- The Washington Times - Saturday, January 28, 2006

KARACHI, Pakistan — Demurral by the Pakistani government cost the United States the chance to kill Osama bin Laden in an air strike near the Afghan border two years ago, the Sunday Telegraph has learned.

A CIA lead that the al Qaeda leader was hiding in a remote province was squandered because the Pakistani government delayed giving permission for the attack on its soil, according to a senior Western diplomat.

By the time U.S. officials got the go-ahead, bin Laden had left the suspected hide-out in Zhob, in the Baluchistan province of southwest Pakistan.

The near-miss was cited by the diplomat as the reason why the United States chose not to consult Islamabad before the U.S. missile strike in Pakistan’s Bajaur region two weeks ago. The Jan. 13 attack, prompted by a tip that bin Laden’s deputy, Ayman al-Zawahri, was hiding in a local village, killed 13 civilians.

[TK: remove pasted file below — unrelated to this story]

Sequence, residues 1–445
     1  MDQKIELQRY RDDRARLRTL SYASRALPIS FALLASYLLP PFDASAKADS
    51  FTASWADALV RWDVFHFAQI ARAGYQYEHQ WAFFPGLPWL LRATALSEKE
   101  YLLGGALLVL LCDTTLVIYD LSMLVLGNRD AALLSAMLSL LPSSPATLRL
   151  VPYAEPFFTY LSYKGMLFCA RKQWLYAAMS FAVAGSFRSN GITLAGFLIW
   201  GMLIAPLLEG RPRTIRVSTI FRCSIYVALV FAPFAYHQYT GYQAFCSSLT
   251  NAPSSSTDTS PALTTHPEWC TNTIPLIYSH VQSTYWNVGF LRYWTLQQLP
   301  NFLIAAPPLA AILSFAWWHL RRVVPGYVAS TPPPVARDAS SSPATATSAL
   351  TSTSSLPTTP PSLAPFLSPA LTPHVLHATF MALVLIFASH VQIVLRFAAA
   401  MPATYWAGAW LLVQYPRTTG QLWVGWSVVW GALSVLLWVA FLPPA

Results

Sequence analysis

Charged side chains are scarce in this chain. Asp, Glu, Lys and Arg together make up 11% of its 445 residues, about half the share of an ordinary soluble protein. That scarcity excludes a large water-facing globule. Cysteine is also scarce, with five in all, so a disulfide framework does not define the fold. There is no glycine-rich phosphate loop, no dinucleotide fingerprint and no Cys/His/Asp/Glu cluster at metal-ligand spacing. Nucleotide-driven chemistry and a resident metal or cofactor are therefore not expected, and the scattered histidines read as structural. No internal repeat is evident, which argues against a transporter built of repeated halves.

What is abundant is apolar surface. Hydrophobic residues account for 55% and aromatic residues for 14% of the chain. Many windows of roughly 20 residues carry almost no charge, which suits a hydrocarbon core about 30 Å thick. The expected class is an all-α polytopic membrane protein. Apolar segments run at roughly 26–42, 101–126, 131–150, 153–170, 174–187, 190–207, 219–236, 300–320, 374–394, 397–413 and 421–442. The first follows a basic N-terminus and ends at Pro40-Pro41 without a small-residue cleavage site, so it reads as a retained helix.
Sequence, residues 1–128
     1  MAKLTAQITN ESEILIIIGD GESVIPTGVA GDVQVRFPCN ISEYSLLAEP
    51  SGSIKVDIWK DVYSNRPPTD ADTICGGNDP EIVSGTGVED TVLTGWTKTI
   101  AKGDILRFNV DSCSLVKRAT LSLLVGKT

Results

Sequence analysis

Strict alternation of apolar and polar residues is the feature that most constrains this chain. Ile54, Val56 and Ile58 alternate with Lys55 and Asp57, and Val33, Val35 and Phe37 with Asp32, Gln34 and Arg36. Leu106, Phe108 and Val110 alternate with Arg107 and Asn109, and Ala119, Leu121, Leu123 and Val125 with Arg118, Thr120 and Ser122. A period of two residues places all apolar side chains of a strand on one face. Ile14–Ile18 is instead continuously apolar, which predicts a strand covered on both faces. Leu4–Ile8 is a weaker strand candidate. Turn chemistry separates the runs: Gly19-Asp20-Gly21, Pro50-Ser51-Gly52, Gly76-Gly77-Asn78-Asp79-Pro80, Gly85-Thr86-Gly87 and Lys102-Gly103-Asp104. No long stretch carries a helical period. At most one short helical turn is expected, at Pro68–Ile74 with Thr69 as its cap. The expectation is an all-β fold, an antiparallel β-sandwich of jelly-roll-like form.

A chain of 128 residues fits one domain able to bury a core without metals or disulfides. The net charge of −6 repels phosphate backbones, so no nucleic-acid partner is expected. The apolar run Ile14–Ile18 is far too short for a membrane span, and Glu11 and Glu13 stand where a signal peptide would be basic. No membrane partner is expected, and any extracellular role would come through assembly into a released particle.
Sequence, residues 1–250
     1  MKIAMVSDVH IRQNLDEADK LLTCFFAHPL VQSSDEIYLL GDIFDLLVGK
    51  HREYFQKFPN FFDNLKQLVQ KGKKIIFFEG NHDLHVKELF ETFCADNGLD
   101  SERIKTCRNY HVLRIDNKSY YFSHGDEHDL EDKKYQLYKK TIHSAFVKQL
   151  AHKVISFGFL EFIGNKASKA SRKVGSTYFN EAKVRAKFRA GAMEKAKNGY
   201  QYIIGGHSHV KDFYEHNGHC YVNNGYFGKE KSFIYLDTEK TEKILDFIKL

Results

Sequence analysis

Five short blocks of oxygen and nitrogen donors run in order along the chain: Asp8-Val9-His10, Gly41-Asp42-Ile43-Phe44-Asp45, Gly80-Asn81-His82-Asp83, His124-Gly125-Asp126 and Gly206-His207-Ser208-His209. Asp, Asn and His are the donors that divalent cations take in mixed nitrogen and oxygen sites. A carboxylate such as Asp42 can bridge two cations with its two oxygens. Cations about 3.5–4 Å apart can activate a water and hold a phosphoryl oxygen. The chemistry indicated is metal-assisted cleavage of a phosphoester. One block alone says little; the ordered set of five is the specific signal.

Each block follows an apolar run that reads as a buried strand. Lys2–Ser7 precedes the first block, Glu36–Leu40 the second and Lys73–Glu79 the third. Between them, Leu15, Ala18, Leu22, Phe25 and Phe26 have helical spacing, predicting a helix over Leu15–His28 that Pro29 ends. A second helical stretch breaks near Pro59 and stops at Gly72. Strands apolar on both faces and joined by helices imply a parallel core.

Speaking of the Zhob attack, the diplomat, who asked not to be named, said: “For unknown reasons, Pakistani officials delayed in giving permission … which ultimately gave these militants time to move to an unknown location.”

According to his account, which was backed by sources within Pakistani intelligence, the CIA picked up electronic traffic suggesting that bin Laden and his bodyguards had sought temporary shelter in Zhob, which is dominated by Pathan and Baloch tribesmen sympathetic to al Qaeda and the Taliban.

Fearing that a commando raid would cause massive casualties to both sides, with no guarantee of success, the United States decided to launch a strike by laser-guided missiles, fired from Predator drones.

The reason for the delay is not clear. While Pakistan’s President Pervez Musharraf has vowed to eliminate terrorists operating within his country, elements within Pakistan’s ISI intelligence service may have sought to protect bin Laden.

If he was in Zhob at the time, it would have been the first known occasion that he had been firmly in America’s sights since his escape from Tora Bora in Afghanistan, where he slipped through a cordon of U.S. troops in 2001.

Gen. Musharraf last week described the strike against al-Zawahri as a “violation of sovereignty,” although he said other al Qaeda figures had died in the raid.

Al-Zawahri is thought to have canceled his visit, possibly after spotting CIA drones in the area.

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